Writer Blends Smooth Cocktail of Emotions: NAIROBI COCKTAIL


In the acknowledgements section, author Ciku Kimani, who also works as a columnist with

Author Ciku Kimani displays a copy of Nairobi Cocktail. Photo Courtesy: www.nation.co.ke

Author Ciku Kimani displays a copy of Nairobi Cocktail.
Photo Courtesy: www.nation.co.ke

Daily Nation, reveals that it took her close to a decade to finish penning her first novel, Nairobi Cocktail. I interestingly compared the duration to how I love my wine—sweet, smooth and matured for close to ten years. I knew there and then that this was going to be a captivating read. And indeed, as I turned the last page two weeks later (I’m a slow reader), I not only earmarked it as my favourite book but it had also changed my life in more ways than a bottle of wine ever could.

Set in Nairobi as its eponymous name suggests, Nairobi Cocktail focalises on individuals from well-heeled societies who live glamorous lives and aim for nothing but the best. Through the book, one is able to interact with the filthy rich in their own element, and observe how they interrelate, party and even agonise.

This is not to say, however, that Ciku Kimani snobs the other side of the coin. Readers from lower fiscal rungs will still relate to the novel a great deal. For instance, it will take a heart made of stone not to shed a tear as the writer takes us through the life of Mark Mbogo, who grew up slinging poop for sport in the heart of Kibera slums. What happens to Mark at the end? As much as I’d love to reveal that to you, I don’t want to be a spoiler. Read the book on your own to find out.

Its main characters are four girls, Kui, Achieng’, Kanini and Naserian, who are the best of friends and stick closer than family. As they grow older, their friendship becomes punctuated with their constant struggle for happiness. Amid becoming adults, climbing the career ladder, dating and finding love, their bond seems unshakable. But that’s until Naserian does the unfathomable and sets them all topsy-turvy. How will they salvage what they once had? Is forgiving really medicine to the soul?

The main characters, influenced by their zodiac signs, are so unique and distinct that they almost literally jump into life as you get to know them. The most lovable is the gentle and elegant Kui, who rises from working an 8-5 job to becoming one of the country’s top radio queens. Spinsters looking for Mr. Right will learn at Kui’s feet as she dates the entire gamut from a guy suffering OCD to a narcissist and finally ends up with Kip, her dream guy who happens not to be perfect either.

The writer has a way of blending with emotions such that I found myself deeply infatuated with one of her characters, the petite Achieng’.  Born with a silver spoon in her mouth, Achieng Otieno decides to bunk university and instead trains as a mechanic in Kayole despite scoring straight As. You will love her sharp wits and recoil when her mouth stings worse than a bee.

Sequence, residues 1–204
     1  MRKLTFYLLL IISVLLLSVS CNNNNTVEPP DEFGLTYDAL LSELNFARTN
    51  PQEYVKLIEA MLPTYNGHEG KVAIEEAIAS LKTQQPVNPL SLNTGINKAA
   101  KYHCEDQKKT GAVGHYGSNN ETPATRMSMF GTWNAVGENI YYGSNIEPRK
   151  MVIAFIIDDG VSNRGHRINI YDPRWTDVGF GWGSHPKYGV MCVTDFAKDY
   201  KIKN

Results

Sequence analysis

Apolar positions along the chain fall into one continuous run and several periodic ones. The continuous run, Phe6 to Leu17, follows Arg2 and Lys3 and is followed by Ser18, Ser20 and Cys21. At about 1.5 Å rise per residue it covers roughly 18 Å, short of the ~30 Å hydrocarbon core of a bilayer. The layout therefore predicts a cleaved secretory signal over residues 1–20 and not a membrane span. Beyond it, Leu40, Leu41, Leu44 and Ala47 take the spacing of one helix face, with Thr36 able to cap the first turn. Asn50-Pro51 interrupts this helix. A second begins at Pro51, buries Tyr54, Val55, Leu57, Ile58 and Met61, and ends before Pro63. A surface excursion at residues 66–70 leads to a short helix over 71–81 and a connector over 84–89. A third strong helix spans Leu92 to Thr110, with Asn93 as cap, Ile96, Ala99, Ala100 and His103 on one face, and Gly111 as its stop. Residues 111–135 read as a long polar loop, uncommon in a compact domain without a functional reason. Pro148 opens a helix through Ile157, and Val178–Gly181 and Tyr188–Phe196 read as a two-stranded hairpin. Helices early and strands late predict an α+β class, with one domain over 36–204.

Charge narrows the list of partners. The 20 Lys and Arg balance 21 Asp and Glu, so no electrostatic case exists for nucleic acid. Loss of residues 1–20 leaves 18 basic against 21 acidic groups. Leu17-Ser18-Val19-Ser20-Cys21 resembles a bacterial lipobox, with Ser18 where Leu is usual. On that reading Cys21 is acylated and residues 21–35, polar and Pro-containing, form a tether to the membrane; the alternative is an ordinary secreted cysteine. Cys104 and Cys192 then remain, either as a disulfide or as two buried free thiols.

In its expansive plot that you’ll enjoy weaving through, the book lacks one central theme. Instead, Nairobi Cocktail addresses a buffet of issues ranging from prostitution, politics, corruption and homosexuality, among others. The messages that ring loudest, however, are friendship, forgiveness and love.

Of particular mention is the intriguing look at sex trade, as the author makes you view sex workers as no lesser humans who deserve to be rehabilitated and not incarcerated. Through Naserian, a character, the book poses the question “Why don’t we send sex workers to rehabilitation centres instead of throwing them in jail together with child molesters, murderers and thieves?”

Perhaps a little hair in the soup is the wanton grammatical and typographical errors that are sure to put off impatient readers. Indeed, Ciku Kimani rued the decision of not spending more money on editing. “Instead of doing everything myself, including editing, I shall look for a professional editor (for my next book),” she wrote in Saturday Nation a few weeks ago.

Typos notwithstanding, Nairobi Cocktail is a book every Tom, Dick and Harry will enjoy. The pregnant mother, the teenager high on hormones, the slovenly lad at Kibera slums, the Cabinet Secretary in his Mercedes, the news anchor at Nation Centre… All will find the book entertaining and scintillating.

In less than a week that it should take you to thumb through its 200 pages, you will experience a cocktail of emotions like never before, a rollercoaster if you like. Anger, pity, joy, laughter—all evoked by this one novel. And as the cocktail trickles down your gullet, it will leave you a sweet taste in your mouth, like it did in mine.

Lukorito Jones

Lukorito Jones is a columnist and correspondent with Kenya's leading newspaper, Daily Nation. He also dabbles in fiction works at times, hoping to be the next Stephen King. Sometimes he takes time out from writing to perfect his deer-dancing and goat-screaming skills.

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